The curatorial and editorial project for systems, non-objective and reductive artists working in the UK

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New Wave by Laurence Noga

Austin Desmond Fine Art:  A Fine Line: Concrete, Constructivist and Minimalist Art

On entering the Austin Desmond Gallery it was immediately clear that every work descended from a complex set of decisions. Discrete or hard-edged juxtaposition, momentary and yet continual retinal movement, the atmosphere of concrete, minimalist, and constructivist rules and methodologies are interwoven with the sense of how time works on material objects.

Austrian painter Gerwald Rockenschaub has cleverly sharpened the composition in his painting, Untitled, 50 x 50 cm 1986 down to a moment a ‘new wave’ which actually reflects out into the gallery, both through its high gloss surface and the notion of a new beginning of unidentified air and space.

The work of Peter Lowe, Grey Relief (53 x 53 x 10 cm, 1982) in painted beech has an inner confidence. A member of the systems group, Lowe’s instincts around expanded construction are partly intuitive in their spirit. The geometric relief has a playful transformable feeling as the negative spaces interplay with the shadows.

I think that Lowe has got it right in his approach; the exhibition reveals logical systems both conceptual and plastic, but perhaps, as Lowe says: “You can work intuitively with the system. I think what scares people is that they think it rules out intuition”.

Laurence Noga

September 2014

Natalie Dower, Dudeney Encoded, 1987 Oil on canvas 45.5 x 45.5 cm

I liked the curation, particularly of the diamond works each in its own space, elevating visual presence and making us aware of individual and group philosophy. Mary Martin reflects this in her ‘Transparent group forms blue’ as her natural sense of construction, luminosity and transparency are combined with mathematical principles including working with the golden section and the Fibonacci sequence.

The neon-toned yellow-green / lime-green edges at the base of Counter Rhythms and Levels (89 x 89 cm, 1982) by Gillian Wise seems to be a catalyst for the whole show because of its expressive and hidden quality. Her relationship with the American constructionists impacts upon her approach, both in her sense of ‘colour coating’ as in the work of Charles Biederman, and her confidence with the twenty stainless steel panels which shift forward and drop back in an organized and coherent relational interaction. The shallow sense of physical depth behind the steel panels and the shadows from the passers-by (which are even more insistent at night) induce a phenomenologically-charged experience. The sprayed cerulean and ultramarine edges force themselves into the situation.

The work of Swiss artist Max Bill has architectural potency. Auflosung Von Lila, painted in 1972, (47 X 47 cm) is made in a diamond format, turning a square canvas 45 degrees so it hangs diagonally with a point at top and bottom. The luminous specificity of the light violet-grey, evenly painted square, at its centre allows it to hover, buzzing, as it interacts with the phalo turquoise triangles at its points, which are softly applied with a palette knife, building a synthesis of logic. Bill stated that “the aim of concrete art is to create a visible and tangible form of things which did not previously exist – to represent abstract thoughts in a sensuous and tangible form”. There is a ‘touch’ and authority that comes out of his preliminary drawings, which were often carried out on graph paper.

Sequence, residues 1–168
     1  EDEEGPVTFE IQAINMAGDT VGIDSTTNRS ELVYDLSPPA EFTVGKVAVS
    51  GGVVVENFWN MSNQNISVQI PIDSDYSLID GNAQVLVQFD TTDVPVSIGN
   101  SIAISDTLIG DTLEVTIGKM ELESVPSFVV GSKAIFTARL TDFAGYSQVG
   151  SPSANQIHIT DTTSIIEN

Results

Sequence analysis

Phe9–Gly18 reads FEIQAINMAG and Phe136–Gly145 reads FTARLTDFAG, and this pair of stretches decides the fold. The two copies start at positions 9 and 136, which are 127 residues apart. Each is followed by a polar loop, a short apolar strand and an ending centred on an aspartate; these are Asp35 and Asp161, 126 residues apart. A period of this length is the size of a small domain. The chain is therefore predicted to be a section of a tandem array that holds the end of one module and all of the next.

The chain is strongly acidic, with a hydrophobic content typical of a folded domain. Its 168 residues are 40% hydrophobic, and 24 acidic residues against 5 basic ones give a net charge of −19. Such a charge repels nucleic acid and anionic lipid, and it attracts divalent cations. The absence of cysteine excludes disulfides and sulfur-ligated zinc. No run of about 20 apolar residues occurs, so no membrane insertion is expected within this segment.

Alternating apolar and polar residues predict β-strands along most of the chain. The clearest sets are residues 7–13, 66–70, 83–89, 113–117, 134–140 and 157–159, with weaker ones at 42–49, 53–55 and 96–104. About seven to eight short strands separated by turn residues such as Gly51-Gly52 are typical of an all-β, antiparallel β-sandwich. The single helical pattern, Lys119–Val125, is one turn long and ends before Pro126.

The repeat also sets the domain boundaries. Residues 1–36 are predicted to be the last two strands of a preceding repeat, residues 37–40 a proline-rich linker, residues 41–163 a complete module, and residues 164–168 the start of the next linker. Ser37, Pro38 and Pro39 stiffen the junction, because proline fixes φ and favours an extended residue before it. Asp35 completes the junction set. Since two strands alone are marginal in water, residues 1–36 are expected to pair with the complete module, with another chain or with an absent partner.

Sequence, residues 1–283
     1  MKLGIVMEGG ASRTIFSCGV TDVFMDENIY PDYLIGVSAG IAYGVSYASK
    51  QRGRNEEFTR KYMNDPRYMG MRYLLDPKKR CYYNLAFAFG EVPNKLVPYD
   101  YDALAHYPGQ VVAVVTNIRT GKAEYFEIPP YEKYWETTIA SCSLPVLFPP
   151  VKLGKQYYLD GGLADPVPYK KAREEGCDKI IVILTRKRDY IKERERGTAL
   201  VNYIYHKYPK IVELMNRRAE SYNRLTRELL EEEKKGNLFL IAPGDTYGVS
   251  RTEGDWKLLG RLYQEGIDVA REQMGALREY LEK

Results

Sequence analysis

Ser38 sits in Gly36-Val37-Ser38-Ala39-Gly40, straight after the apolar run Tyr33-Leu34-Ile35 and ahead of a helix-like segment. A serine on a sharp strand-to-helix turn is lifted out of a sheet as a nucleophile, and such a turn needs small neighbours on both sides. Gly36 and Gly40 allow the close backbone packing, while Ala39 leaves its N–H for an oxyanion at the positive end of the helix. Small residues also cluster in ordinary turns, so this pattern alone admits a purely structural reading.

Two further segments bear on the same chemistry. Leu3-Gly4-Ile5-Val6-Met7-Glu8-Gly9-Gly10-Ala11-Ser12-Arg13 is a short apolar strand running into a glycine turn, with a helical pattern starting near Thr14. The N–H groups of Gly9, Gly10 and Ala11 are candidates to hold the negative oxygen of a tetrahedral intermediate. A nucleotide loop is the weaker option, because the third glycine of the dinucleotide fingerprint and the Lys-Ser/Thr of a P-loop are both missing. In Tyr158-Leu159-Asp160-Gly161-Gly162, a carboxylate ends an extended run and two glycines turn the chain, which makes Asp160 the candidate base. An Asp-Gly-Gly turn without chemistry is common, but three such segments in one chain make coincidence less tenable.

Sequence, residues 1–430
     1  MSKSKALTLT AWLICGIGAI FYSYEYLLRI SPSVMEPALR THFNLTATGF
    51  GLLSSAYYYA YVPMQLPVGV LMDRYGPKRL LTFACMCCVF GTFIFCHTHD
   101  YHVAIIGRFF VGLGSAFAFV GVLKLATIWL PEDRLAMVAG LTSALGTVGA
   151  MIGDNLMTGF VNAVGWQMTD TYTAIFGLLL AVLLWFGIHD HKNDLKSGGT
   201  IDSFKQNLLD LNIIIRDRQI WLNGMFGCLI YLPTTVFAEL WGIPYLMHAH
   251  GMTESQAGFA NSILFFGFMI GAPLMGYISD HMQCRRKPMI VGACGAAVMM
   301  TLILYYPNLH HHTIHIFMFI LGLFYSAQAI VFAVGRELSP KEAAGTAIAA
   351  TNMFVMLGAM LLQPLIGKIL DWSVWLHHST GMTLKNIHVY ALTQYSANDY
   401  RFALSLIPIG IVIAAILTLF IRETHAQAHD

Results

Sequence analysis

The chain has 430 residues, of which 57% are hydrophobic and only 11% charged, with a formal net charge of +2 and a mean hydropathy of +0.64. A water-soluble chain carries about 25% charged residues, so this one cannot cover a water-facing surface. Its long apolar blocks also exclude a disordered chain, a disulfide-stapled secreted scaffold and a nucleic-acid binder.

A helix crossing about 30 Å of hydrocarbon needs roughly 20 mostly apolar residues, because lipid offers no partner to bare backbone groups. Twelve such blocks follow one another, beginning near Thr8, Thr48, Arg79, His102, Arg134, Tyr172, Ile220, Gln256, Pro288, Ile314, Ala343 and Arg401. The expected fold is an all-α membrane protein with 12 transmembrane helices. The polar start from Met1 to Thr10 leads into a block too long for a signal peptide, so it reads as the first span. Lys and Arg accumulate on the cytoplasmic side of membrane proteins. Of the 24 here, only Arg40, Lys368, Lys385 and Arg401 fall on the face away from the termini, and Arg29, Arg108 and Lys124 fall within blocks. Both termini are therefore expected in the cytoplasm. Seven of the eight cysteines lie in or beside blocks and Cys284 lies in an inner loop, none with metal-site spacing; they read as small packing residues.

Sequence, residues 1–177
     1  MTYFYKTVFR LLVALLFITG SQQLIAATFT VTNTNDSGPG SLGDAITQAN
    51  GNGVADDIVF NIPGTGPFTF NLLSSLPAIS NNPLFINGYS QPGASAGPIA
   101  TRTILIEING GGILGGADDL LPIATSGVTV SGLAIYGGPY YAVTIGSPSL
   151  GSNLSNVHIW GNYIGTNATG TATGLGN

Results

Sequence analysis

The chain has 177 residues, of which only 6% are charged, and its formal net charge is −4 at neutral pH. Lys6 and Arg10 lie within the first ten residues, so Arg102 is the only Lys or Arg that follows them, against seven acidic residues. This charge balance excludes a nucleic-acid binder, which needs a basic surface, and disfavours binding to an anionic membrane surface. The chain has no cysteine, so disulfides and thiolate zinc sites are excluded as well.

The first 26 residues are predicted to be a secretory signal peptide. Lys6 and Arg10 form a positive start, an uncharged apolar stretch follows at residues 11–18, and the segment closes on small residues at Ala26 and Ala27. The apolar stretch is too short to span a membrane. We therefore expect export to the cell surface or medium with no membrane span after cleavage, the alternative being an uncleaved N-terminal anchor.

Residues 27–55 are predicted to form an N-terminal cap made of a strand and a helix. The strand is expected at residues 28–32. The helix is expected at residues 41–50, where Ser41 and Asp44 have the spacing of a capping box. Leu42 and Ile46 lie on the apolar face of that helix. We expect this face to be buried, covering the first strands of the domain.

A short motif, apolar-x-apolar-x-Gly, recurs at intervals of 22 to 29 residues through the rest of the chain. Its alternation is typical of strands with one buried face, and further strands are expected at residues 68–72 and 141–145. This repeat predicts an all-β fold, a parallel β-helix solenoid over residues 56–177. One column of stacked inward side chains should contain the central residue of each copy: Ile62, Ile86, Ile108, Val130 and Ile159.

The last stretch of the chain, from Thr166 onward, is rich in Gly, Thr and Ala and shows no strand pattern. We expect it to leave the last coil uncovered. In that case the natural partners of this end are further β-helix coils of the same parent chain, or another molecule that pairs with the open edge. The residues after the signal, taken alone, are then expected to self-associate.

Tess Jaray, (British, B.1937)  Thorns 3/Thorns 7, 2014 Cut panel  21 x 43 cm (each panel) 21 x 86 cm (overall size)

Gillian Wise, Counter Rhythms & Levels, 1982  Stainless steel and cellulose car paint on wood relief

Peter Lowe (British, B. 1938) Grey Relief, 1982  Painted beech  54 x 53 x 10 cm

Gerwald Rockenschaub (Austrian, B.1952) Untitled, 1986

Oil on canvas  50 x 50 cm

Max Bill, Auflösung von Lila, 1972 Oil on canvas, 47 x 47 cm

Arturo Bonfanti’s oil on canvas ‘MI.231’, made in 1971, uses an illusory tonal shift of two grey tones that alter perception of the upper dark space; this touches at its point the other black space allowing the viewer simultaneously to see into, and feel, the form wrap across the green /ochre surface. The 15 x 18 cm painting contained in its frame is one of the most powerful works in the show and it has a technical dexterity that draws us into the optical effect.  

Transition, a screen print by John Carter (2013; 30 x 16.5 cm) also comes from a sensitivity through drawing again on graph paper. It has echoes of his fabricated plywood coated reliefs made in acrylic paint and marble powder in the 80s. The flatness, yet high-key colour tension works partly because of his ability with warm colours, but also a physical spatial tension from the angle of the white form on the grey ground that allows the slightly larger deep cadmium red square to float sculpturally in the space, in counterpoint to the carbon black beneath.

Arturo Bonfanti, MI.231, 1971 Oil on canvas  15 x 18 cm

Natalie Dower uses geometric constraint and order, with a depth of systematic ideas. The surface looks fresh in the 1987 painting Dudeney Encoded (45.5. x 45.5) cm. Her compositional rigour keeps us guessing as to the nature of the code that we need to break. The lustre of the oil paint still has plenty to say about how depth can be achieved with an economy of means and mathematical laws.

The physical tension in the work of Tess Jaray is mesmerizing in its execution and intensity of colour. As it holds the space it sucks you in between the works, and then into the pattern of thorns, which sit blinking at you in electric red beneath the ochre/green surface, and this experience is reversed in its companion to rack up the chromatic oppositions.

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